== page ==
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Poem by Robert William Service
He had the grocer's counter-stoop, That little man so grey and neat; His moustache had a doleful droop, He hailed me in the slushy street. "I've sold my shop," he said to me, Cupping his hand behind his ear. "My deafness got so bad, you see, Folks had to shout to make me hear." He sighed and sadly shook his head; The hand he gave was chill as ice. "I sold out far too soon," he said; "To-day I'd get ten times the price. But then how was a man to know, (The War, the rising cost of life.) We have to pinch to make things go: It's tough; I'm sorry for the wife. "She looks sometimes at me with tears. 'You worked so hard,' I hear her say. 'You had your shop for forty years, And you were honest as the day.' Ah yes, I loved my shop, it's true; My customers I tried to please; But when one's deaf and sixty-two What can one do in times like these? "My savings, that I fondly thought Would keep me snug when we were old, Are melting fast; what once I bought For silver, now is sought with gold. The cost of life goes up each day; I wonder what will be the end?" He sighed, I saw him drift away And thought: Alas for you, my friend! and every day I see him stop And look and look with wistful eye At what was once his little shop, Whose goods he can no longer buy. Then homeward wearily he goes To where his wife bed-ridden lies, A driblet dangling from his nose... But Oh the panic in his eyes!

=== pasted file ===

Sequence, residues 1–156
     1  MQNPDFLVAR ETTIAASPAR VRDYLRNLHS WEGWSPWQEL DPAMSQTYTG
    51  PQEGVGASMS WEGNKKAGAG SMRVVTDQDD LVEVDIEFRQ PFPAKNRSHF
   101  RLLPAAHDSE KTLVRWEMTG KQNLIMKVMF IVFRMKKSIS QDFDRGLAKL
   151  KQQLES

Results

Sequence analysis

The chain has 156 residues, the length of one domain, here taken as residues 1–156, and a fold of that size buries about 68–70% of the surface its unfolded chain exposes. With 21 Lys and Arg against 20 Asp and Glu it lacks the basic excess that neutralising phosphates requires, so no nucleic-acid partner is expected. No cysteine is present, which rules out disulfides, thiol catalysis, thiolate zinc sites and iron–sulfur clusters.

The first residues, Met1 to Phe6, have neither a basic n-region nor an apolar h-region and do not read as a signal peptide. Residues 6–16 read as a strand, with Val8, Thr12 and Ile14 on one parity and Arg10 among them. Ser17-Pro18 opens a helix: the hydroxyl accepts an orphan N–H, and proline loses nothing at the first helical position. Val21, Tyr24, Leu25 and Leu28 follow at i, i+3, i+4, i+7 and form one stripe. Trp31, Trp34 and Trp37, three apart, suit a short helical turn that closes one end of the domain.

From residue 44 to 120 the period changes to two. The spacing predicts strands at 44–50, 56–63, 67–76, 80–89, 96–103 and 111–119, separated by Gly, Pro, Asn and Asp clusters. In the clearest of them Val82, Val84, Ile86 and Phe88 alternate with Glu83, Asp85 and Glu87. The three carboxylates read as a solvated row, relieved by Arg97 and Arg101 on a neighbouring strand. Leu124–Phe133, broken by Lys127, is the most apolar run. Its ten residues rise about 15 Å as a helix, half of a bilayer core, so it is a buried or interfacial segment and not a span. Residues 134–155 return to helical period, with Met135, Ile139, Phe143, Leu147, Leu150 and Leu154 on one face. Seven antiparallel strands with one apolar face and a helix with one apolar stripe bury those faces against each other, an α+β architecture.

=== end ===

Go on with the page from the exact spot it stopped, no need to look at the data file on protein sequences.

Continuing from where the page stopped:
Robert William Service
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